Phases 5 & 6
Answering the “what”, “why” and “how” of each phase of EMDR.
Phase 5 of EMDR Therapy: Installation
What is the purpose of this phase?
When a traumatic event happens we often ‘file-it’ or assign a belief about ourselves to the event that may be negatively impacting our present day functioning.
During Phase 3, you had identified with your therapist the positive cognition (or PC) that you would like to believe when recalling that traumatic memory. The goal of Phase 5 is to strengthen that preferred belief attached to the memory.
Why is this phase important?
We can’t change a bad memory to become a good memory- but we can change the way a bad experience impacts our present.
With Phase 5 we are making sure that the negative cognition (NC) that was once assigned to the memory is no longer the belief that comes to mind when recalling the event(s).
The intention here is to strengthen the positive cognition (PC) to 100% truthfulness/believability. (or in EMDR terms- we want to get the validity of cognition (VOC) to a 7 out of 7).
How can I expect this phase of EMDR to look and feel?
Your original PC identified in Phase 3 may have shifted or changed during the reprocessing (often it does!). Your therapist will check in and see if the previously identified belief is most fitting- or if a new/different belief feels like it is more appropriate at this time.
The intention here is to hold in mind the memory and the preferred belief while using BLS to strengthen the validity of cognition (VOC)- in other words assessing for: "how true do those words feel when paired with the memory now?"
The bilateral stimulation (BLS) used in this phase is at a slower and shorter pace compared to Phase 4's BLS.
Phase 6: Body Scan
What happens during this phase?
Once the memory and PC are installed/strengthened, we have to check in with the rest of our body to ensure that no residual negative feelings are stuck that need to be reprocessed.
Even with a SUD (subjective level of disturbance) of 0/10 and a VOC of 7/7- there may be some residual trauma stuck in the body that needs to be cleared out to ensure lasting results from reprocessing.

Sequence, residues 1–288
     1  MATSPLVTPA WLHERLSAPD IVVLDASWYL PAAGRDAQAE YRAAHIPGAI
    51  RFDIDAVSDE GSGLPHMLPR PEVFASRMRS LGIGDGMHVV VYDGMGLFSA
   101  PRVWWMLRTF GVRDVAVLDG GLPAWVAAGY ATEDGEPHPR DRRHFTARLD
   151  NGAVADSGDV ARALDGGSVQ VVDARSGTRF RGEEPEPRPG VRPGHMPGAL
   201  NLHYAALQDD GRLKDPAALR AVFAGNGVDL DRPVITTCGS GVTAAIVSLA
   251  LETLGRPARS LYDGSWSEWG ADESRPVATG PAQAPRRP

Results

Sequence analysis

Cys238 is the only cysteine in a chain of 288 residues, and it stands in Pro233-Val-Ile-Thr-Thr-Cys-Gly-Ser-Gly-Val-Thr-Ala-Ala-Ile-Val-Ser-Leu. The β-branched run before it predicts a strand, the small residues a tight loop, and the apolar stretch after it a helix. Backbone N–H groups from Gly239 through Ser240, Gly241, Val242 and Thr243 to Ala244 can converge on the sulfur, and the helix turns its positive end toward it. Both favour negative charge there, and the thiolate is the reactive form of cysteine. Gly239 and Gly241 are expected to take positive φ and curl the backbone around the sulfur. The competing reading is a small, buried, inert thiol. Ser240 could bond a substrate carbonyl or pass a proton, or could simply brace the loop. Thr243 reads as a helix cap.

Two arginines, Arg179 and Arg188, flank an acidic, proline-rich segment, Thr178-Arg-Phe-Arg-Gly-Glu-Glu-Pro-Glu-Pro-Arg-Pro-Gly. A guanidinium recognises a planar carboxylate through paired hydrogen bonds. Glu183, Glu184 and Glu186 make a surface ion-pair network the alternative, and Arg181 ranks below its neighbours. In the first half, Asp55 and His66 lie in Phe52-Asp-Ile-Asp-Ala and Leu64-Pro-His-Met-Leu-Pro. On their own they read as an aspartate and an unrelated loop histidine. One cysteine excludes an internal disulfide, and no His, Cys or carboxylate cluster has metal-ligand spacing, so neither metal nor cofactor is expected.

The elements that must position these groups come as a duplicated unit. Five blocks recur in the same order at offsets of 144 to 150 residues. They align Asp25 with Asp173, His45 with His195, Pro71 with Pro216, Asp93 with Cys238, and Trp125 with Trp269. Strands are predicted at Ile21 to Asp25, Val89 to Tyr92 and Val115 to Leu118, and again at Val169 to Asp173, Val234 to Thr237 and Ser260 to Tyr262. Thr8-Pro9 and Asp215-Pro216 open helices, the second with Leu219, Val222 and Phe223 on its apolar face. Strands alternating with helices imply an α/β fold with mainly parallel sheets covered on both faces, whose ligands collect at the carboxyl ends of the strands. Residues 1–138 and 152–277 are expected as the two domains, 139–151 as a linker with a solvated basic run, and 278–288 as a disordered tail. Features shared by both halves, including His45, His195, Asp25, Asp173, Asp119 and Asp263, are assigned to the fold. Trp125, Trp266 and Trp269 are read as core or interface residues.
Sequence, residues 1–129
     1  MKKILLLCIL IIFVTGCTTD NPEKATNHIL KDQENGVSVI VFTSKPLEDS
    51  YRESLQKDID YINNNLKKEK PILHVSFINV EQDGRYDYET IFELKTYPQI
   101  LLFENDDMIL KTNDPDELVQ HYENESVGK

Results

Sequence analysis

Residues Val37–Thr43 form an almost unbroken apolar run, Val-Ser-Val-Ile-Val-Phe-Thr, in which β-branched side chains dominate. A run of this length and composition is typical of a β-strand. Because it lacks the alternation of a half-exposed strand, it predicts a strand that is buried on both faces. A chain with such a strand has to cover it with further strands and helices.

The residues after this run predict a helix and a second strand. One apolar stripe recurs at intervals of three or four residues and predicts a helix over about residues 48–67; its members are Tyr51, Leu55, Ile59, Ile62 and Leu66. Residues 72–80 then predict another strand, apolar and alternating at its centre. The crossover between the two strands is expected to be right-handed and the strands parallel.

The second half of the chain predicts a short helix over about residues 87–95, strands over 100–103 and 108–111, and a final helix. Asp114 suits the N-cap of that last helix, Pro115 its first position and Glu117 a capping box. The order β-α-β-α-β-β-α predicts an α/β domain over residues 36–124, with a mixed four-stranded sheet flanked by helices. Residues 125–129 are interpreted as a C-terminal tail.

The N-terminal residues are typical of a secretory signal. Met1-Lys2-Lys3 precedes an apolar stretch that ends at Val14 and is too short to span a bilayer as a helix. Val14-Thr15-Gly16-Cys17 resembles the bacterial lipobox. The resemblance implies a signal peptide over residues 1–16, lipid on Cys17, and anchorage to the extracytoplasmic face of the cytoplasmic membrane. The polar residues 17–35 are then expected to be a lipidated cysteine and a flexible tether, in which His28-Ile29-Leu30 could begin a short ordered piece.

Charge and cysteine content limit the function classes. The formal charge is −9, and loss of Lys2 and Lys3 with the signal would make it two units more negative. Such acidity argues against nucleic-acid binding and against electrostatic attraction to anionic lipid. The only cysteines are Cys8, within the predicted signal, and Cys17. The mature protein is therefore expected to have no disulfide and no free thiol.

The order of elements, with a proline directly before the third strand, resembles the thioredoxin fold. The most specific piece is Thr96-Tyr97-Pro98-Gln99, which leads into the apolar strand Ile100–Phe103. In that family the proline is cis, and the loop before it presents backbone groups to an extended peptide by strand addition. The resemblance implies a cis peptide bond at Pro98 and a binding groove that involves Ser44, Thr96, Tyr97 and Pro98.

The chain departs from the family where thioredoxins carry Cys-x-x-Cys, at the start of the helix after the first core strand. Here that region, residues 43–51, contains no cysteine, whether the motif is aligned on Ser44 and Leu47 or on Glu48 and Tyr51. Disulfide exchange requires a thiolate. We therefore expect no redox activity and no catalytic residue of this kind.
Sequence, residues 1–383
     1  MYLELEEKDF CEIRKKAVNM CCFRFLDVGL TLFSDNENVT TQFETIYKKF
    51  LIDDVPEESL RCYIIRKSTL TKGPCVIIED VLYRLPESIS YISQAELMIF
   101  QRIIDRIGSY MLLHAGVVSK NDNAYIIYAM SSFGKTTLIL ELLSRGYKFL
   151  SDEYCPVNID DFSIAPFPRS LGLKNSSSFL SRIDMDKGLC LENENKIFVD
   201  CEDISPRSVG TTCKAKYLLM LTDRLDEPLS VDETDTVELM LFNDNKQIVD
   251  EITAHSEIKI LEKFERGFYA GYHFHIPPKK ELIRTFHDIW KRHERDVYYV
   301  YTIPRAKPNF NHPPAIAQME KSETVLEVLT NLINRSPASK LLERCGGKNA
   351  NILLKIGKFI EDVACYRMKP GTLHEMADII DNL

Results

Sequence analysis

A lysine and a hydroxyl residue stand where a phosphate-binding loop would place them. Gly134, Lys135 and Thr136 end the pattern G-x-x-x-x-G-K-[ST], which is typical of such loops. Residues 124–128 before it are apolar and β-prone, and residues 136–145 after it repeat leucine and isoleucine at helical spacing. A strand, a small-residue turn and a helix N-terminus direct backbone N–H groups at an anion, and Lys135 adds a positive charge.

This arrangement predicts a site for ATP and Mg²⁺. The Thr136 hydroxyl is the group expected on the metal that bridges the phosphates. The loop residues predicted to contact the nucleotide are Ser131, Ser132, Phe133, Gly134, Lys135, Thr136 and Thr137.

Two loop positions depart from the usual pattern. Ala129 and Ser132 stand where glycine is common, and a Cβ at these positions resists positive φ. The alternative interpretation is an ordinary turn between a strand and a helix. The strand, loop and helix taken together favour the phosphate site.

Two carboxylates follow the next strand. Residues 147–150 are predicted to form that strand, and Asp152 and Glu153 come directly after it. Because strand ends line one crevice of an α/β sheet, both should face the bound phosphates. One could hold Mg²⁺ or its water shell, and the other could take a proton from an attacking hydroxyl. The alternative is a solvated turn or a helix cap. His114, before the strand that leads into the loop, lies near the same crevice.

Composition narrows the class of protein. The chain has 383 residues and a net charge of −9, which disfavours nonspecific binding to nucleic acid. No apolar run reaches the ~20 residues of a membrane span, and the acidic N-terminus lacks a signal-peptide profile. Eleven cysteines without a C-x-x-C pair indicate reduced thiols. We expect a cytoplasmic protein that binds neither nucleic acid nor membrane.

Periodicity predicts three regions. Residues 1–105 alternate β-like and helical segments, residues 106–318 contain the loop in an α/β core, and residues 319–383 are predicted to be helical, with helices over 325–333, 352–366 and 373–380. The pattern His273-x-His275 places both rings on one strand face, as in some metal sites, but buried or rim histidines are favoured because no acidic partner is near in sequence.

Why is the Body Scan important in the reprocessing phases?
Memories are not just stored cognitively, but they are also stored somatically. If we ignore the sensations in our body, we run the risk of not clearing out all of the "yuck" attached to the memory.
Some traumatic events happen at a pre-verbal period in our life. This is one example of why it is important to not only process the trauma from a cognitive frame, but also to attend to the somatic and emotional impact that our memories have.
How can I expect this to feel?
Your therapist will ask you to hold in mind the memory with the chosen PC and scan from head to toe- noticing if there is any tension, tightness or discomfort recognized in the body.
Examples of sensations in the body may include (but are not limited to):
Tightness in your chest
The feeling of "a lump in your throat"
The feeling of "a knot in your stomach"
Tension in your head/face or other clenched muscles
If there is reported uncomfortable sensations your therapist will return to the reprocessing phase (Phase 4) to clear out whatever "yuck that is stuck" using long and fast sets of BLS.
If there is no reported discomfort- your therapist will use slower, shorter sets of BLS to help install and strengthen the felt-sense clarity and calmness.
Just remember- there are no "should's" in this process.
Your journey is unique to you.
If you find yourself having to go back to the earlier phases of reprocessing in these later phases: It's OK!
Your brain is capable of being rewired and your body is capable of healing after experiencing trauma- it just takes time.
The EMDR Therapy Progress Journal by Dana Carretta-Stein, is a wonderful tool and companion for anyone going through their own EMDR Therapy Journey. It is an interactive journal to use while working with your therapist.
If you missed or want to reread: Part 1- EMDR: Breaking Down the 8 Phases and Part 2 - EMDR: Breaking Down the 8 Phases of this series - Check it out!
Annabella Lipson is a Mental Health Counselor at Peaceful Living Mental Health Counseling.
She enjoys working with young adults & adults who are dealing with stress, anxiety, grief, trauma, PTSD and other challenges.
Annabella helps clients develop healthy communication skills, learn to tolerate and manage uncomfortable emotions and develop insightful decision-making skills.